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Don't be so Glum, Britannia!

Wed, 03/16/2011 - 6:47am
Rupert Baines, Picochip (www.picochip.com)
rupert bainesThe Daily Telegraph in the UK has recently run a blog post titled, "No wonder the UK lags behind America: we're a bitter and broken nation," and I couldn't disagree more. (http://www.telegraph.co.uk/technology/8382898/No-wonder-the-UK-lags-behind-America-were-a-bitter-and-broken-nation.html)  Don't get me wrong, there is always the British character of "glass is half empty" - and the cliche of the whinging Pom has truth. But while this article praises California's optimism the writer is so blind to any touch of it here. It's easy from a short time in California to only see the positives and come back to the UK full of doom and despair, but we've actually got a lot to be proud of.

People are quick to praise Apple for the iPAD - thoroughly deserved. But rarely mention that the iPAD relies on technology developed in Britain: its brains of A5 processor based on ARM, its graphics based on Imagination Techologies? Not just the old standard of "invented here but made successful elsewhere" but both companies based in UK. Indeed, ARM is one of the few companies that Intel is worried about.

What about Britain's success in wireless? Vodafone may not have the most customers, but by revenue it is still one of the biggest wireless companies in the world - and while hardly a baby it is younger than Apple, and the same age as Cisco. Not bad as an example of British business creation.

Or Dyson? Autonomy? CSR? Wolfson?

In terms of exciting start-ups who might change the world in a few years, there are examples too.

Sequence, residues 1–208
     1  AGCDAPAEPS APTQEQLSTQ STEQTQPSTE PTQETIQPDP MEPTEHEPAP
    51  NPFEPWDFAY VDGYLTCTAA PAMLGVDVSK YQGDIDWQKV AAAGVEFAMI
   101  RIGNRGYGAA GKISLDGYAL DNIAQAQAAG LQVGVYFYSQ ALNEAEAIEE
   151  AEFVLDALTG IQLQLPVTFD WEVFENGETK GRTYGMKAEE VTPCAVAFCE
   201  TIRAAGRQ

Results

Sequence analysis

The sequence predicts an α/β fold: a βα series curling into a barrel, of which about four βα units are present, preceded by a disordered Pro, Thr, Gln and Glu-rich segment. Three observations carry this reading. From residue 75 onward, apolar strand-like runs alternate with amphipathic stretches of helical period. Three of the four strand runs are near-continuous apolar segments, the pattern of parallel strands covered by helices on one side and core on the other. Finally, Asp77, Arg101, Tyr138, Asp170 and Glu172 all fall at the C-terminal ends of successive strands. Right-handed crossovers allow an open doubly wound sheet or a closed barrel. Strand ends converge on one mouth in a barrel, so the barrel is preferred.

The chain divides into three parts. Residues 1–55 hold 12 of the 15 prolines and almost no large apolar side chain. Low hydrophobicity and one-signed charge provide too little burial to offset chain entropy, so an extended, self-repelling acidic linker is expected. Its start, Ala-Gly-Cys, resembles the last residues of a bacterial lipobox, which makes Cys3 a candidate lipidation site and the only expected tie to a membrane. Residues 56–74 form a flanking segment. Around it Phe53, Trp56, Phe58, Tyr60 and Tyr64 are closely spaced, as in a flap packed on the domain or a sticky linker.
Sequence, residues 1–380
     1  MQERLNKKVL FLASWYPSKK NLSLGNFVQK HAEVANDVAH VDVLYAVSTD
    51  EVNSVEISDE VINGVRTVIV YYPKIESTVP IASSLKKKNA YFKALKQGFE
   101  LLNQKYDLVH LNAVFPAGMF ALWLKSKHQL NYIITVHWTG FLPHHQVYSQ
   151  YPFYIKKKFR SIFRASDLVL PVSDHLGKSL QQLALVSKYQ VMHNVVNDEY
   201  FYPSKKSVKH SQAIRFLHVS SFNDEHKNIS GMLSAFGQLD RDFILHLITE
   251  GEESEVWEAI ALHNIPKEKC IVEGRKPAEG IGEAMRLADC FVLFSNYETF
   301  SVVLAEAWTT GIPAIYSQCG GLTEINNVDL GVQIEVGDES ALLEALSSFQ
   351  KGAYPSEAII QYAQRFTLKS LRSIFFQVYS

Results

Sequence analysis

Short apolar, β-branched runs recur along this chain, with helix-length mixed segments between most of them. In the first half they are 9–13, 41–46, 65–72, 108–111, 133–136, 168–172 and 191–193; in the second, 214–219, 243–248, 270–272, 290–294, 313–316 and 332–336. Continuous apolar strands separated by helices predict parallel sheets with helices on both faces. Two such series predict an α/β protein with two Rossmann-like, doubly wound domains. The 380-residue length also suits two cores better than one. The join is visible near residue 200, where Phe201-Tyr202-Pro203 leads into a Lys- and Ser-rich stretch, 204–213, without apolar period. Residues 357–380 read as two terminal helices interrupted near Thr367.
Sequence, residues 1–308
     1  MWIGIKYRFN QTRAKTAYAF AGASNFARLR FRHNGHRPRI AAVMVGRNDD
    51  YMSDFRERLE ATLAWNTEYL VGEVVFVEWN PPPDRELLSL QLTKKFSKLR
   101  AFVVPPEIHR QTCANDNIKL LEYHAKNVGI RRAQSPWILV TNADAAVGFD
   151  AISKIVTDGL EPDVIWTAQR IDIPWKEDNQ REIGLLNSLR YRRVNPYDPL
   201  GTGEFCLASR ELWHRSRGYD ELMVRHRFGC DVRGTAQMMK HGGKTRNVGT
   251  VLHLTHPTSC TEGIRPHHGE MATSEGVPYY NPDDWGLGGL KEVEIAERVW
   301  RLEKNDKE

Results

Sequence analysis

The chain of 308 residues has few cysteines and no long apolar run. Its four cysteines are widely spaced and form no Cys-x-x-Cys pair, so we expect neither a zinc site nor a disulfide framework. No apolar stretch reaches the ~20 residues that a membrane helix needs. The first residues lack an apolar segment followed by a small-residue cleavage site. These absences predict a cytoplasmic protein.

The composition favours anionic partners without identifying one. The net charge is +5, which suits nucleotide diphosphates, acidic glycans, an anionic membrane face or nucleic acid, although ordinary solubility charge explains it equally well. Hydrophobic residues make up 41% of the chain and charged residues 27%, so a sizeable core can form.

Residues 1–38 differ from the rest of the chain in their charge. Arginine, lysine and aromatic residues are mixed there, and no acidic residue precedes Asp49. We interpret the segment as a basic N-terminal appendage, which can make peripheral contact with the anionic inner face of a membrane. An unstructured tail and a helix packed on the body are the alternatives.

What about Icera in phone chipsets: a few years old, employing hundreds of people and ballsy enough to take the fight to Qualcomm.

Or Picochip (who I work for!) changinging the whole way cellular networks work, together with fellow British companies Ubiquisys & ipAccess.

Or the hundreds of companies based in the (amusingly misnamed) Silicon Roundabout ?

Surely a country which was so negative to start-ups would not have quite so much activity?

Sure, there are problems in UK start-up land -- and many of them are serious. Most of the CEOs I meet have their worries and complaints. But EU regulation doesn't feature anything like as often as banks support (at Picochip we moved our bank account to Silicon Valley Bank, rather than any of the British banks because they understood what were are doing and were willing to support us). Armies of regulators or elf'n'safety are hardly a great examples of how UK concerns ouweigh USA.

Most of the technology companies I know are definitely hurting from lack of engineering graduates and this is a real problem. And finally, there is the huge, long-lasting worry about finance, and the mismatch between UK venture and US. Indeed, the puzzle about how come UK is so good at doing start-ups, at innovating - but that most get acquired, while few of them go onto massive scale.

So there are certainly serious issues, and genuine worries that need to be addressed - lets talk about them

Don't get me wrong: I love going to Silicon Valley, the can do attitude and the optimism. I hate British sneering and defeatism. Which is why it so annoys me when people come back from California trips with such a shortage of American optimism and ability to see the bright side, and instead double up on British whinging. Instead let's celebrate all that's good with business in Europe and at the same time learn what we can from the American model.
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